Warning. Any time you see a heading in Latin, you know you are in for some high-brow, pinky-sticking-out-from-your fluted-glass snobbery.
As delicately described at Wikipedia:
In flagrante delicto or sometimes simply in flagrante (Latin: "while the crime is blazing") is a legal term used to indicate that a criminal has been caught in the act of committing an offense (compare corpus delicti). The colloquial "caught red-handed" or "caught in the act" are English equivalents.
The Latin term has come to be used far more often as a euphemism for a couple being caught in the act of sexual congress; in modern usage the intercourse need not be adulterous or illicit.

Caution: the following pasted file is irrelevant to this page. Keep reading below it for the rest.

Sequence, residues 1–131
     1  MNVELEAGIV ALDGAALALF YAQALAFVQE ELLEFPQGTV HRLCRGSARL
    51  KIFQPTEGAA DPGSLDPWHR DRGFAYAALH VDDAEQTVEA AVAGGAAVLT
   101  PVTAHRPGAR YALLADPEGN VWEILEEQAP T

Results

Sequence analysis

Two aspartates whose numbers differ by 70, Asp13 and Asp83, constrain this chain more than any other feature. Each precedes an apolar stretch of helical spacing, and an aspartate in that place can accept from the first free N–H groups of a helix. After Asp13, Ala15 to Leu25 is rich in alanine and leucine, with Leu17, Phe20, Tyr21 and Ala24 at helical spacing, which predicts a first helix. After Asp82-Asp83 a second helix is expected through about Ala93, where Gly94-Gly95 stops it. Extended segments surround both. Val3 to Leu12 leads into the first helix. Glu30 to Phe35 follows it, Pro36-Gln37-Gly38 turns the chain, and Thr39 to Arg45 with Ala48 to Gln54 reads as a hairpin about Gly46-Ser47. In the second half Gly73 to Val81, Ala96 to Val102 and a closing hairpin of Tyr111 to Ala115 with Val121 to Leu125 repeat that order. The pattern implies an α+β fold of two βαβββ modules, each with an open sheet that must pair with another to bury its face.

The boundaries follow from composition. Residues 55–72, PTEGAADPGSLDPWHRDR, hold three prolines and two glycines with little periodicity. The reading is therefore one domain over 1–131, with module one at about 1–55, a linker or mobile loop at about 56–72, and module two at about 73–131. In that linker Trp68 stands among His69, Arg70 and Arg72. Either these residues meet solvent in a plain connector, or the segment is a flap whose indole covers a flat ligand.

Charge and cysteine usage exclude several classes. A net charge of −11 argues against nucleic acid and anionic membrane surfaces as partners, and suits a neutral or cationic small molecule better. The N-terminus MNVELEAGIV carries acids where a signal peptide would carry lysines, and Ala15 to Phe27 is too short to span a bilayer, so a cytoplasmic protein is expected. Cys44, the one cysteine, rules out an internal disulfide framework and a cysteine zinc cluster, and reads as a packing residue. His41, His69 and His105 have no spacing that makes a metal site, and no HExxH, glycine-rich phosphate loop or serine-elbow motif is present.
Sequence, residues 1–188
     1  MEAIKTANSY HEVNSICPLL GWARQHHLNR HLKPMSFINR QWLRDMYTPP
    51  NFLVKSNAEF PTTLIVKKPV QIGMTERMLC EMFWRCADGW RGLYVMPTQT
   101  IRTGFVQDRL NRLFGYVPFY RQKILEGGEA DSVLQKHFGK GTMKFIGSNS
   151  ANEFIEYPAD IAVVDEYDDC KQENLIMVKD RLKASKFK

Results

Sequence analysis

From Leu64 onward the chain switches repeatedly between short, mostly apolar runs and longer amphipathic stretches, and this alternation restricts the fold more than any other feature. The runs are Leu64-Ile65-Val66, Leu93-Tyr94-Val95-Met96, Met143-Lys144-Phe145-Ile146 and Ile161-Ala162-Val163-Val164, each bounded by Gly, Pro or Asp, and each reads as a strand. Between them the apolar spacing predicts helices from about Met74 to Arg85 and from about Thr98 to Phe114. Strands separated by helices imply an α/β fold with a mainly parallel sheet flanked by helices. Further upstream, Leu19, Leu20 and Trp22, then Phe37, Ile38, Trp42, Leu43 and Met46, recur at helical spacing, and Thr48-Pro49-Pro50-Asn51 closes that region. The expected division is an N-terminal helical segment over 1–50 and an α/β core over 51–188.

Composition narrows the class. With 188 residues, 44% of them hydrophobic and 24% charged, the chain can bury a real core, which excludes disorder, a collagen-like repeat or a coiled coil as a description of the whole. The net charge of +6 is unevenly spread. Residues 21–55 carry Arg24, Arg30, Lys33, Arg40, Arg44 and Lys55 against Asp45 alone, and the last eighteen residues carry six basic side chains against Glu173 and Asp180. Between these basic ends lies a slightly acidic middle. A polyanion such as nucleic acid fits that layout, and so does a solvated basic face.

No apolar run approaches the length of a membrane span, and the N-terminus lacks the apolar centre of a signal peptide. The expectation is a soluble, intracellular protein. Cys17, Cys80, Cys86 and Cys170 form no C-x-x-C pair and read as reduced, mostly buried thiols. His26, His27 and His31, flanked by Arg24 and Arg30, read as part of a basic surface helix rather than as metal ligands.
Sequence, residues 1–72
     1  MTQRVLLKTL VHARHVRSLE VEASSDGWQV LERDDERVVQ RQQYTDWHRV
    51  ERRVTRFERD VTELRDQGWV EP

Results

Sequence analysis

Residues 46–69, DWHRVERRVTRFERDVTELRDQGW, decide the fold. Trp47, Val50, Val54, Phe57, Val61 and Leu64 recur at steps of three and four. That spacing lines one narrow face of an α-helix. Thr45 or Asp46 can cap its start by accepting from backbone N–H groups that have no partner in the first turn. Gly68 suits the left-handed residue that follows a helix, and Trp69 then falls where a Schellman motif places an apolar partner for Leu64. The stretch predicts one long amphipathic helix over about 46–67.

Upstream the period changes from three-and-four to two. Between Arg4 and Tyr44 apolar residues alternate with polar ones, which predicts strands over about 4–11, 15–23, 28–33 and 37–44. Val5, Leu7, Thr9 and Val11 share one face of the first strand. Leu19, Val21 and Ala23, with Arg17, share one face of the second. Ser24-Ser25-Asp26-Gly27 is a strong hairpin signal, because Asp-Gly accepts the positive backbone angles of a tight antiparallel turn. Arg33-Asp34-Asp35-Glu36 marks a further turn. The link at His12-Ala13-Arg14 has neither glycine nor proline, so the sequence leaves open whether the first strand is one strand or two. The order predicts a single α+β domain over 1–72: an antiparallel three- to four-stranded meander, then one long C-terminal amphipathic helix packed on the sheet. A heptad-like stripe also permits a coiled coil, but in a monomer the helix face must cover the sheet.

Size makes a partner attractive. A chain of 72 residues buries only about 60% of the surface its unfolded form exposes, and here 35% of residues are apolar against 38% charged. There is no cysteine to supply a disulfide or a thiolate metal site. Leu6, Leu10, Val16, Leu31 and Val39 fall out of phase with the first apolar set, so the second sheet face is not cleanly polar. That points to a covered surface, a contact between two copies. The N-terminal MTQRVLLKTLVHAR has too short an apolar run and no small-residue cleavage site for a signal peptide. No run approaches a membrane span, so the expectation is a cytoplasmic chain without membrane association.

But wait. The astute reader will see that Senor Laforisto has cleverly changed the phrase to in flagrunte delicto.
Why is that?
A recent article in The New York Times noted that certain fitness clubs expel members for grunting in the gym. The particular case cited had to do with the forbidden grunting of a weightlifter.
Now, maybe I'm all wet on this, or barking up the wrong tree, but grunting at a health or fitness club (where you most assuredly will not find me) might be rude but not as rude, say, as grunting in church or temple or ashram or other place of worship. Or any number of other good-etiquette-demanding circumstances.
So let's talk about this, shall we?
Good to grunt: bathroom (especially if constipated), bedroom (alone or with another(s), but let's monitor the decibels if in an apartment complex, okay?), barn, amusement park ride, sports stadium, while walking the dog (in cane ambulato).
Bad to bark: bathroom (at work), hotel bedroom (oh, go ahead, I don't care), in work cubicle, on first date, on last date.
Your turn. Send those e-postcards right in, from all around the grunting globe!